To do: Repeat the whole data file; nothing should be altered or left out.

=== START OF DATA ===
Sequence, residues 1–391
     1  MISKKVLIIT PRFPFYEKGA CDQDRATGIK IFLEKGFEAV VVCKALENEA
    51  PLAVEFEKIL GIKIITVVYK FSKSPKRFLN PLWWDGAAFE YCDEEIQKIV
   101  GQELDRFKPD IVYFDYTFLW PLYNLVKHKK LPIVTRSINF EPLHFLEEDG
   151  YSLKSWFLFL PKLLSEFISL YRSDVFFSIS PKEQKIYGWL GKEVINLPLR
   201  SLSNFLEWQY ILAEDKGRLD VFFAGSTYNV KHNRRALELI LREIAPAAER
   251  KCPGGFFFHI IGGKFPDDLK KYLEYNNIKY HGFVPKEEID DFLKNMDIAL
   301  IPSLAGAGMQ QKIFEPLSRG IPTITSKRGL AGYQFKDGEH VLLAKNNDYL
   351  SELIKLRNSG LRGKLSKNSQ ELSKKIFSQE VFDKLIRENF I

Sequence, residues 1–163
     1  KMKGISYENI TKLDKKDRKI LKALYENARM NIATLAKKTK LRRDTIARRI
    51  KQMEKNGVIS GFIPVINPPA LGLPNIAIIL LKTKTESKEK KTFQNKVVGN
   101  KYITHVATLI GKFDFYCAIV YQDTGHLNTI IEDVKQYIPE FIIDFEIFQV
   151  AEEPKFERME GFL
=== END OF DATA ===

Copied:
Sequence, residues 1–391
     1  MISKKVLIIT PRFPFYEKGA CDQDRATGIK IFLEKGFEAV VVCKALENEA
    51  PLAVEFEKIL GIKIITVVYK FSKSPKRFLN PLWWDGAAFE YCDEEIQKIV
   101  GQELDRFKPD IVYFDYTFLW PLYNLVKHKK LPIVTRSINF EPLHFLEEDG
   151  YSLKSWFLFL PKLLSEFISL YRSDVFFSIS PKEQKIYGWL GKEVINLPLR
   201  SLSNFLEWQY ILAEDKGRLD VFFAGSTYNV KHNRRALELI LREIAPAAER
   251  KCPGGFFFHI IGGKFPDDLK KYLEYNNIKY HGFVPKEEID DFLKNMDIAL
   301  IPSLAGAGMQ QKIFEPLSRG IPTITSKRGL AGYQFKDGEH VLLAKNNDYL
   351  SELIKLRNSG LRGKLSKNSQ ELSKKIFSQE VFDKLIRENF I

Sequence, residues 1–163
     1  KMKGISYENI TKLDKKDRKI LKALYENARM NIATLAKKTK LRRDTIARRI
    51  KQMEKNGVIS GFIPVINPPA LGLPNIAIIL LKTKTESKEK KTFQNKVVGN
   101  KYITHVATLI GKFDFYCAIV YQDTGHLNTI IEDVKQYIPE FIIDFEIFQV
   151  AEEPKFERME GFL